A Creative Life

Strategies for supporting a child with Adhd

Throughout my time in Mainstream Education, I worked with several children who had Dyspraxia.  For an Ofsted Visit we were due I created some How to help leaflets for various SEN barriers that children may have.

The key features of a child with Adhd are inattention, hyperactivity and impulsivity. 
Children with Adhd may be higly imaginative and intuitive, with an impulse to get to the heart of the matter as opposed to taking the traditional methodical approach. 
Four terms – structure, differentiation, flexibilty and relationships are particularly importnat when developing strategies to teach children with Adhd. 
For many children with Adhd medication is an important part of the treatment. These are not given to control bad behaviour but to control the Adhd.
Children with Adhd can  :-
  • Be inattentive
  • Do things when they want to
  • Be disruptve to others learning
  • Have awful handwriting
  • Be off task
  • Always be on the go
  • Be volatile
  • Be restless
  • Get bored easily
  • Seek attention
  • Have problems changing from one task to another
  • Have difficulty getting started in a morning.

Some strategies ;-
  • Be tough as nails about rules but remain calm and positive.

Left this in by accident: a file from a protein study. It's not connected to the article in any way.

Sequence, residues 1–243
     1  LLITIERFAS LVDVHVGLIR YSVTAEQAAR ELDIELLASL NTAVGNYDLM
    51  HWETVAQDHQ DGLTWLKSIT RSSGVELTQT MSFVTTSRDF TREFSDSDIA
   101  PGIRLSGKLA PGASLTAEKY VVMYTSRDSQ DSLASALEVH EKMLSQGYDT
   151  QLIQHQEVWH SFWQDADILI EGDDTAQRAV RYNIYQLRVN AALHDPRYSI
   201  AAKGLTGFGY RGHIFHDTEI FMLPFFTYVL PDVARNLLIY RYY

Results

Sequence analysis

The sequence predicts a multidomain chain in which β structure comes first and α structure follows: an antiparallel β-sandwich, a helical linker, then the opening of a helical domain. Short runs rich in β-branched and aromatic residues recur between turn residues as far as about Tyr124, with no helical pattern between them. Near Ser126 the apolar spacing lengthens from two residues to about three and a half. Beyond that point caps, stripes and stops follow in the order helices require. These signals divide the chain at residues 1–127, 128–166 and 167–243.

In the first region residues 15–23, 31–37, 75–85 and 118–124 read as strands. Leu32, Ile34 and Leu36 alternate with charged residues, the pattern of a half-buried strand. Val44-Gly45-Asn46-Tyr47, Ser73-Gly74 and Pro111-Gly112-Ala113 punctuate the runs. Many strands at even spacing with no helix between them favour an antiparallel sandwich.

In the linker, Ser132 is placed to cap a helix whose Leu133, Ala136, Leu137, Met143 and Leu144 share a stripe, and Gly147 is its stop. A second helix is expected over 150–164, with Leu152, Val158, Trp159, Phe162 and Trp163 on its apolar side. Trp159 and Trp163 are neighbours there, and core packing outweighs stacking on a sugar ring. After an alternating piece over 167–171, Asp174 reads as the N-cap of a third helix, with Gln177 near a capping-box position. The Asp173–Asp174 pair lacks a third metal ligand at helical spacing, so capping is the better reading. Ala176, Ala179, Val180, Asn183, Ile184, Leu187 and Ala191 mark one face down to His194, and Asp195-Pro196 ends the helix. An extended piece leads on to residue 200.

• Tailor academic work to suit the child’s abilities and skills.
  • Know when to back off when a child’s frustration is reaching its peak.
  • Speak clearly in brief, understandable sentences.
  • Provide immediate and consistent feedback about behaviour.
  • Use ICT facilities for work as the child’s attention is then focussed on the screen.
  • Remain calm and do not debate or argue with the child.
  • Have pre-established consequences for misbehaviour
  • Avoid publicly reminding a child to ‘take their medication’ if on any.
  • When setting homework be aware that it takes the Adhd child three times as long to complete a task at home as it would in school.
  • Reward more than punish.
  • Praise immediately any good behaviour
  • Change rewards if not effective in motivating behavioural change.
  • Find ways to encourage the child.
  • Teach the child to reward themselves. Encourage a postiive self-image (eg ‘You did very well staying in your seat today. How do you feel about that/)
  • Avoid ridicule and criticism.

Useful websites 

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